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Topic: I don’t like being a parent

20 posts, 0 answered
  1. I_need_a_name
    I_need_a_name avatar
    10 posts
    10 October 2021
    I feel sick saying this because I love my children dearly, but I absolutely hate life with kids.
    Nothing can prepare you for the relentlessness of parenthood and how much of yourself you lose in the process. Everyone says it’s hard but you don’t truly understand what that means until you’re in the thick of it and once you’re there, I feel like there’s nothing you can do about it.
    If I disliked anything else in my life - where I lived, my job, my husband, I could leave, change careers, do something different, but you can’t take back having kids and yet it’s the one decision that I really wish I’d had more background info on before I took the plunge.
    I have a 5yr old and a 1yr old, they’re so very loved and clever, and funny and wonderful, they’re great kids and I’m a great Mum (mostly), but I grieve all the time for my lost life, all the freedoms I had and all the TIME I no longer have.
    I used to have so much choice in my day - I could spend my day sleeping, exercising, crafting, eating, listening to music/podcasts/audiobooks, binge watching tv or movies, relaxing, renovating our house, organising, literally anything I could imagine or think of I could do.
    All I do now is work, cook, clean and parent, there isn’t time for anything else. If I do get any free time, it’s post 8pm when the kids go to bed and I’m too tired from the day to do much more than sit in front of the TV and scroll on my phone. It’s such a crappy life.
    The kids needs are never ending, someone’s always in my space and requiring my attention, even if they just want to play, I feel like everything’s draining. I don’t want to play, or cook, or clean or do family admin etc., every task that fills my day now is not one that I would choose, all of them are required to keep the family running and someone has to do them, so I do, my husband is really helpful and we share the load pretty evenly but even so, we still both feel permanently burnt out.
    I can organise some extra time away from the kids etc. and I have done; feels great while I have that time but it’s always only a cpl hours, or a day max. and the second I have to go back to reality I hate my life again. I long for my pre-child life and all the wonderful things I could do with a day, presently i probably get about 10-30mins of each day to choose something for me and it’s not enough, I didn’t know how hard this was going to be and now I’m here and I don’t like it and I feel stuck. What can I do?
    4 people found this helpful
  2. Sophie_M
    Sophie_M avatar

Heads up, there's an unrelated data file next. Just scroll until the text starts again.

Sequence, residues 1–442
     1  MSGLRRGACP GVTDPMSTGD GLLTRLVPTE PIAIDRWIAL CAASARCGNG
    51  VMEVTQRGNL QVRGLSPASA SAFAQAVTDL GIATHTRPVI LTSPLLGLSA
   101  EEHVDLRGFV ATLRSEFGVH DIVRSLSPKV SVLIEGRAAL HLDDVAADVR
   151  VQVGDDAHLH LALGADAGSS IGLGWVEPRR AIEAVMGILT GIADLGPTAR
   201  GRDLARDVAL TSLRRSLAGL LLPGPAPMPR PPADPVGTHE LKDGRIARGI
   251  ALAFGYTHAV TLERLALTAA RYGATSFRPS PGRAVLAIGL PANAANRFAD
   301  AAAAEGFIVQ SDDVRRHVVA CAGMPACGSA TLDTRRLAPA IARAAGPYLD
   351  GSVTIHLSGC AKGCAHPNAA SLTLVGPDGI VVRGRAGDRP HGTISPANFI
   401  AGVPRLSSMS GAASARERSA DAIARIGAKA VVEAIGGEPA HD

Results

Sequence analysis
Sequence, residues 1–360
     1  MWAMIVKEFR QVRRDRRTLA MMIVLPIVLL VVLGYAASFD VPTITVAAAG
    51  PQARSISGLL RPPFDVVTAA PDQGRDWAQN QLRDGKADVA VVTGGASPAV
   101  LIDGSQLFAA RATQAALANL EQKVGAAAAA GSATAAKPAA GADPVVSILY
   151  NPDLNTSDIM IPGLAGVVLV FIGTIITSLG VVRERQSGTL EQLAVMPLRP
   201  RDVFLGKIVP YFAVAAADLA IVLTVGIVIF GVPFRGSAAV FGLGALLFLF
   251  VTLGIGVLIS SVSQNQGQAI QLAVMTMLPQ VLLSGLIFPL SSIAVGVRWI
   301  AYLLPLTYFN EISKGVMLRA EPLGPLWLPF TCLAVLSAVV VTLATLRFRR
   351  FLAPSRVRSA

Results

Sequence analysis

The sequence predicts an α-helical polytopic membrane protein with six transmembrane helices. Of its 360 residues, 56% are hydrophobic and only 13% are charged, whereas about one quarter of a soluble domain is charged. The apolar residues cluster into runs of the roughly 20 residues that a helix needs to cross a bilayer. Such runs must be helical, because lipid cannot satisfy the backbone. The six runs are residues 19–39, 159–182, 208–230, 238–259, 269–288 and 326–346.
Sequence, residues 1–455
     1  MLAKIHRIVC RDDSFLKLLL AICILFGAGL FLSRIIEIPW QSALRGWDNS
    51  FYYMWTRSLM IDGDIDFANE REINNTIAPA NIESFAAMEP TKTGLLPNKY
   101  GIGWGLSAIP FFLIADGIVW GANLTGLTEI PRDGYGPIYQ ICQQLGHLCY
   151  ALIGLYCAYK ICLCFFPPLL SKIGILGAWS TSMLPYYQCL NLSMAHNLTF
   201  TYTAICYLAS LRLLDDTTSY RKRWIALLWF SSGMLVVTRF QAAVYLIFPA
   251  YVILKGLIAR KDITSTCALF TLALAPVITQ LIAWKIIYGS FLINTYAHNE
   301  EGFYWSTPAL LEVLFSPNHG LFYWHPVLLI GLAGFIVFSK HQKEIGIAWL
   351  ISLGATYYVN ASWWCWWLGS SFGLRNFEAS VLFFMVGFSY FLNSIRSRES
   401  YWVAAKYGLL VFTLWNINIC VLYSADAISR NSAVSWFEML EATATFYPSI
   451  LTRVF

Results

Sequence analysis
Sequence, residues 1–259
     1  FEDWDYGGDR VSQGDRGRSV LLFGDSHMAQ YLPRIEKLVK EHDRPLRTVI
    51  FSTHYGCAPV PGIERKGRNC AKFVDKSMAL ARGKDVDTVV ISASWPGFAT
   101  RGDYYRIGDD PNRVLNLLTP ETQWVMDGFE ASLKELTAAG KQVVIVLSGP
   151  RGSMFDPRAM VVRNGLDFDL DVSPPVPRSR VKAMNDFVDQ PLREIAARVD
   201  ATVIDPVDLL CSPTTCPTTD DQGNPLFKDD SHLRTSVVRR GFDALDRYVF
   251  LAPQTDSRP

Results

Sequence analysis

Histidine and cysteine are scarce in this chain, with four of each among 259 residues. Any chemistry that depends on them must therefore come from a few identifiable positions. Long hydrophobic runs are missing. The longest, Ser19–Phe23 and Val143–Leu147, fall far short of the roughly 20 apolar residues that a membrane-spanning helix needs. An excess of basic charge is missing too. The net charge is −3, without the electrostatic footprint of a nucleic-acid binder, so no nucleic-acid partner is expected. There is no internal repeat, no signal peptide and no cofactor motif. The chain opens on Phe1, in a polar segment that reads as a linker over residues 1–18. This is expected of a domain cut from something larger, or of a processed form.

6136 posts
    15 October 2021 in reply to I_need_a_name
    Hi I_need_a_name,

    We’re so sorry to hear how you’re feeling, and how it’s affecting you. It’s so good that you had the bravery and strength to share this here. You’re not alone in the way you’re feeling, and this is a really safe space to talk things through. 

    We’d really recommend reaching out to the Beyond Blue counsellors to talk this through on 1300 22 4636, or via webchat here. They’re experts in helping people who are feeling this way, and they’ll be able to discuss getting some further support. Another option is reaching out to Parentline on 13 22 89 (from 8am – midnight AEDT everyday). They offer confidential and anonymous counselling and support on parenting issues. We’d also really recommend reaching out to our friends at PANDA on 1300 726 306. Their lovely counsellors can help you work through your challenges by talking openly and honestly about your thoughts, feelings and experiences, and they’ll be able to help you if post or perinatal depression might be part of what you’re feeling. 

    Thanks again for posting here. We think it’s an incredible thing to have done and could be a huge step towards feeling better. Hopefully we’ll hear from some of our lovely community members soon, some of whom will be able to relate, or might have gone through something similar and come out of the other side. Feel free to add to your thread, whenever you feel comfortable. 

    Kind regards,

    Sophie M
  3. Petal22
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    Petal22 avatar
    1543 posts
    15 October 2021 in reply to I_need_a_name

    Hi I need a name,

    Sorry you are feeling this way I understand that children do dramatically change our lives.

    I understand you want time with out the kids but have you thought about joining a play group? You will be there with other mums and talking about the way you feel with other like minded mums can help…. Also the kids will be occupied there aswell with the other kids.

    Maybe even calling PANDA and discussing how you are feeling could help you aswell as per Sophie’s previous post.

  4. Juliet_84
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    617 posts
    15 October 2021 in reply to I_need_a_name

    Hi I need a name,